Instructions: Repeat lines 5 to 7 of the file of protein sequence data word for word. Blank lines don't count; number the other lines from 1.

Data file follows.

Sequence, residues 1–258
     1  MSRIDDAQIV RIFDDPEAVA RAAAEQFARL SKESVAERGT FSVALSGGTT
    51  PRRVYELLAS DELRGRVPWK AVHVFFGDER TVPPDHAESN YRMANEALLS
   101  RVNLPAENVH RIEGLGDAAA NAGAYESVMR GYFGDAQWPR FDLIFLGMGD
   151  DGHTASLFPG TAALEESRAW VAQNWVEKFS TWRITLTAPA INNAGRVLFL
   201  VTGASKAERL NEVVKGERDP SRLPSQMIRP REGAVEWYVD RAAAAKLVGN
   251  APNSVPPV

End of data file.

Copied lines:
   151  DGHTASLFPG TAALEESRAW VAQNWVEKFS TWRITLTAPA INNAGRVLFL
   201  VTGASKAERL NEVVKGERDP SRLPSQMIRP REGAVEWYVD RAAAAKLVGN
   251  APNSVPPV